Rachael walks us through how to draft community by-laws, the rules that a community makes and adopts about how they’d like to govern their land and natural resources
Rachael Knight is a Senior Associate at IIED and an independent expert on community land protection. She's co-leading with ILC, NAMATI and IIED the Community Land Protection Learning Initiative. Together with land rights advocates across Africa, Rachael created the process of Visioning, Valuation and By-Laws Drafting. In this video, she takes us through the last step of the process.
The Community Land Protection Learning Initiative is designed to build a supportive cross-regional community of practice that facilitates learning between community land rights advocates . It equips ILC members with the practical skills to support communities to document and protect their indigenous and customary lands while strengthening local land governance, natural resource management, and the land rights of women and members of marginalized groups.
THE COMMUNITY LAND PROTECTION LEARNING INITIATIVE IS AN OPPORTUNITY FOR ILC MEMBERS TO LEARN FROM PEERS HOW TO PROTECT COMMUNITY LAND
Strengthening Community Governance
Following the "Visioning" and "Valuation" steps, the activities in the Strengthening Community Governance of Lands and Natural Resources phase support communities to document their existing rules for land and resource management, then modify and add rules that increase protections for all peoples’ rights and lead to community-driven development and prosperity.
When well-facilitated, these activities can support communities to: create protections for the rights of women and minority groups; hold their leaders accountable; increase community members’ democratic participation in land and natural resource-related decisions; improve natural resource conservation and promote biodiversity; and align customary rules with national laws. This phase includes the following activities:
1) Creation of Community By-laws
- Communities collectively brainstorm all existing local rules and all rules followed in the past. (1st Draft)
- Facilitators provide legal education on national laws and basic human rights.
- Communities review the 1st Draft of their by-laws, add new rules, delete old rules, and change existing rules to reflect emerging community needs. (2nd Draft)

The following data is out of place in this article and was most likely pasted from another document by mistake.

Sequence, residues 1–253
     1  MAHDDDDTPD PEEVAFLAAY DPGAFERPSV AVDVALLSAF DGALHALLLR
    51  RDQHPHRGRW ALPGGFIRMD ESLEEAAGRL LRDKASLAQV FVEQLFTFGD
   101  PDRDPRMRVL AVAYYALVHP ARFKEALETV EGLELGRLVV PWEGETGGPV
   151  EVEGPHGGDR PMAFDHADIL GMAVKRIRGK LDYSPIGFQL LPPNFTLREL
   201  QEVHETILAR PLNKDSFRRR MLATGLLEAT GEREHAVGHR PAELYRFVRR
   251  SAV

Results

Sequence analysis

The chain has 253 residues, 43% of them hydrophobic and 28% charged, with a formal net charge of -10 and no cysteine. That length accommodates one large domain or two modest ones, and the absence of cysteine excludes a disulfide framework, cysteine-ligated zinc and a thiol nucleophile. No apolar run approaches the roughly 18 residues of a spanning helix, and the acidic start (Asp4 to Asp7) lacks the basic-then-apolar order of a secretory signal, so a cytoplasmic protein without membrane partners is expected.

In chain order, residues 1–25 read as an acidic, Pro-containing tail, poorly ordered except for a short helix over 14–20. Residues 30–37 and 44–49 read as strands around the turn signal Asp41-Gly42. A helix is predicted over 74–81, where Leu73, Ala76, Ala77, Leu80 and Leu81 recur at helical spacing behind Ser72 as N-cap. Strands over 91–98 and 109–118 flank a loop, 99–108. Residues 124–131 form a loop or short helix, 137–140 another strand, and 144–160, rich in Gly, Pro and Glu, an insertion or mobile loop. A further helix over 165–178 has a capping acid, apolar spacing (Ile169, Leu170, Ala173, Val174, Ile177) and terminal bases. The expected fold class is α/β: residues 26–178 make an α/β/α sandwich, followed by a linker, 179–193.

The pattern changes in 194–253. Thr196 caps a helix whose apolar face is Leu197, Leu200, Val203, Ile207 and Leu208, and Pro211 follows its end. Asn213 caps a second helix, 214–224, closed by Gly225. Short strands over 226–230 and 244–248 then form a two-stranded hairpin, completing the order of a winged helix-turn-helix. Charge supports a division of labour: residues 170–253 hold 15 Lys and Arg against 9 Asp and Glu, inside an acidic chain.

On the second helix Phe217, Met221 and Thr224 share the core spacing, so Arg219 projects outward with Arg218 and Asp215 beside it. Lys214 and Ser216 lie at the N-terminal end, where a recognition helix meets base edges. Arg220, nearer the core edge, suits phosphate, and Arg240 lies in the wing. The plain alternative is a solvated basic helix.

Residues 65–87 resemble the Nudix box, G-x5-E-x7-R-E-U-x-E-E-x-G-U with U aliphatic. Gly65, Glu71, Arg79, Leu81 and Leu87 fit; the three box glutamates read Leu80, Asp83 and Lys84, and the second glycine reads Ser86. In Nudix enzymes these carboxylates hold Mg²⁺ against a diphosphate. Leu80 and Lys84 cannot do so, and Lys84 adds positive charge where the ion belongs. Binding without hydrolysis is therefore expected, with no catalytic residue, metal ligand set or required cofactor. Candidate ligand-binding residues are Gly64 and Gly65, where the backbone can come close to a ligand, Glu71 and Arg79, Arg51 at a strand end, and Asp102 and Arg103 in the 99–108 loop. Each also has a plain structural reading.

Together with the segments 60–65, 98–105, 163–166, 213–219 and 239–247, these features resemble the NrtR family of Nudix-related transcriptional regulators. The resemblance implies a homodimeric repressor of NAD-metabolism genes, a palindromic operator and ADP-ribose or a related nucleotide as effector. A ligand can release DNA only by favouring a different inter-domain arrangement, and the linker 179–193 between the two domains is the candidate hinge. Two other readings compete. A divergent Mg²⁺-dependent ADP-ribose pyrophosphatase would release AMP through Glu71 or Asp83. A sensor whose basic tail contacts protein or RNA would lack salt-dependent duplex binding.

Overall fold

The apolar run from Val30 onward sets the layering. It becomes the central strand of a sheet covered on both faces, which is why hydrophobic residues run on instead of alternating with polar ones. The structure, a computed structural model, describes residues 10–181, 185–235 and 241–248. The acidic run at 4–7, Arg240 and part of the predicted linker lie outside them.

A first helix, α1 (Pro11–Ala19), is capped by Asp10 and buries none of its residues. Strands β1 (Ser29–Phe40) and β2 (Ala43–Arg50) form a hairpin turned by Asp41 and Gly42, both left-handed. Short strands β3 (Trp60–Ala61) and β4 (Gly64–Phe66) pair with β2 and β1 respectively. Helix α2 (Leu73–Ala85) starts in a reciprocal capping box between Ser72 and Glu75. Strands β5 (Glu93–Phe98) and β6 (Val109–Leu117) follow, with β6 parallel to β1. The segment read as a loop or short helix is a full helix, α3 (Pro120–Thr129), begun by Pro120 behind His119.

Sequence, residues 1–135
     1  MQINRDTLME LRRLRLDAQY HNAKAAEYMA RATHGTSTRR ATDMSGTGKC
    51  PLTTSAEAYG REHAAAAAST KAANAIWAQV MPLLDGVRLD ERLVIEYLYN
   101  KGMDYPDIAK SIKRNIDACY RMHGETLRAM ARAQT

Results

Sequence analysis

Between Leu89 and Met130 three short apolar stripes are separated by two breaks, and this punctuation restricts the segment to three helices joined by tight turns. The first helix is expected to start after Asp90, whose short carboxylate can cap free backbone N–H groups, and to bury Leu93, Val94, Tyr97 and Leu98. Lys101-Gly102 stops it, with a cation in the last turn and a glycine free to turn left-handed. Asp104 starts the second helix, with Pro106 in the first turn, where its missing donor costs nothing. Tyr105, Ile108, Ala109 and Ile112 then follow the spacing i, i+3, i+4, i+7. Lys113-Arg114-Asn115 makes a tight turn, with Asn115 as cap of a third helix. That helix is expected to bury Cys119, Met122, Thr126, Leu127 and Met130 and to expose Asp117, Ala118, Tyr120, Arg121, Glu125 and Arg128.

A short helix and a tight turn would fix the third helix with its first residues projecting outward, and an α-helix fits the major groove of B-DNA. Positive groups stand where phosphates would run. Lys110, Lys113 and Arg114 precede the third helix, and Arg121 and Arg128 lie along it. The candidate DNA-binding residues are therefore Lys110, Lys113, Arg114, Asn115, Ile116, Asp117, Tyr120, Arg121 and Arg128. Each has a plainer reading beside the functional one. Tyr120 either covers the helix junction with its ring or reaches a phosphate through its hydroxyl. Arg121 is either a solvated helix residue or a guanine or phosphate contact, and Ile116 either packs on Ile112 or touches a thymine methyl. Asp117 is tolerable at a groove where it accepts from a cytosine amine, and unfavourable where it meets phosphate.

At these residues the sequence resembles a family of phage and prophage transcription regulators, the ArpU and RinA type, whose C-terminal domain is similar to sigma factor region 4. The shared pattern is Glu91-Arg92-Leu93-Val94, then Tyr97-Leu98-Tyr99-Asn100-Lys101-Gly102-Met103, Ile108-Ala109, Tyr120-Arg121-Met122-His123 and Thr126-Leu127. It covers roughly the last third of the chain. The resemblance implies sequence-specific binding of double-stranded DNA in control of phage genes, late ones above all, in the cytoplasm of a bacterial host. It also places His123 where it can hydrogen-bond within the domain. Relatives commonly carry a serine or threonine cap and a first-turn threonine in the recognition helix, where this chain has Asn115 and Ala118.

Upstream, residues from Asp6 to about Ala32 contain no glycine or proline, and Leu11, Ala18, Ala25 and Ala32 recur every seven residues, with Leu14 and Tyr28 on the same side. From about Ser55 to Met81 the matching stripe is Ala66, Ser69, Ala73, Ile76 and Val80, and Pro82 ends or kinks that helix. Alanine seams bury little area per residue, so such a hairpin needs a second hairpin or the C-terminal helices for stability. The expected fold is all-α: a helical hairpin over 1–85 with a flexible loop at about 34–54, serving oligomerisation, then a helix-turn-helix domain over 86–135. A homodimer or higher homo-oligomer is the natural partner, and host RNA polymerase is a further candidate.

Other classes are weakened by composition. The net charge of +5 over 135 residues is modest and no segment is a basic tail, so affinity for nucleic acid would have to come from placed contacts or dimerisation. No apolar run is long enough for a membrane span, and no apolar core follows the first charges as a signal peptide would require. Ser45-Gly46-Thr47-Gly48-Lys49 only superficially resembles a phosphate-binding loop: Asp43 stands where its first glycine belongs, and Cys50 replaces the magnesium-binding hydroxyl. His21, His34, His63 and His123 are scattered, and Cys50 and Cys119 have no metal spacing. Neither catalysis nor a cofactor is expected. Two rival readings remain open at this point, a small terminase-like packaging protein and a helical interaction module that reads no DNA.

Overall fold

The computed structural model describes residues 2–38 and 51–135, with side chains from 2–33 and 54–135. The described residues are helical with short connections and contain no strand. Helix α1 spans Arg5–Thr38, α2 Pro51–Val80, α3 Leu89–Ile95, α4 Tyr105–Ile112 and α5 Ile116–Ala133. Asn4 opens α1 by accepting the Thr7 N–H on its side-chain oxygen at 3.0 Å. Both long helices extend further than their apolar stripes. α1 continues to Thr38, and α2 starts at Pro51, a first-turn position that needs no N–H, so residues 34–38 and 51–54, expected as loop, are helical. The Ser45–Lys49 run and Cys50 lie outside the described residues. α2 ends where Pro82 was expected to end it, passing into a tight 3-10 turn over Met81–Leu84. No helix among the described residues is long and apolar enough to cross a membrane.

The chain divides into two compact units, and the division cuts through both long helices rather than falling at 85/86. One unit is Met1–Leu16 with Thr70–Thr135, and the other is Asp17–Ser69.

- Facilitators, lawyers and/or judges review the 2nd Draft to ensure that it does not contradict the national constitution and other relevant laws.
- Communities modify any rules that contradict national law and make any final changes. (3rd Draft)
- Communities hold large “by-laws adoption ceremonies,” inviting district and regional leaders, judges, neighbors, and others, at which they review the final draft of the bylaws, then vote to adopt the by-laws by consensus (100% agreement) or supermajority vote (66% agreement).
2) Creation of a Zoning Plan
Communities make basic zoning plans to connect their by-laws to the physical landscape and to ensure that the community develops according to its future vision.
3) Financial Management Training
Facilitators train community members in basic principles of good financial management and record keeping to support transparent management of revenue generated from community lands and natural resources.
4) Creation of a “Land Governance Council”
Communities elect a Land Governance Council, composed of trusted community leaders and members of all local stakeholder groups, including women, youth and marginalized groups, to manage community lands and natural resources according to the adopted by-laws.
5) Ensuring Implementation and Enforcement of the By-laws
Communities build relationships with relevant leaders and local governments and create systems to ensure that their bylaws are enforced and all agreed boundaries are respected.
A short animated video that illustrates the process for creating community by-laws and an accountable, equitable and sustainable governance structure. Watch [here]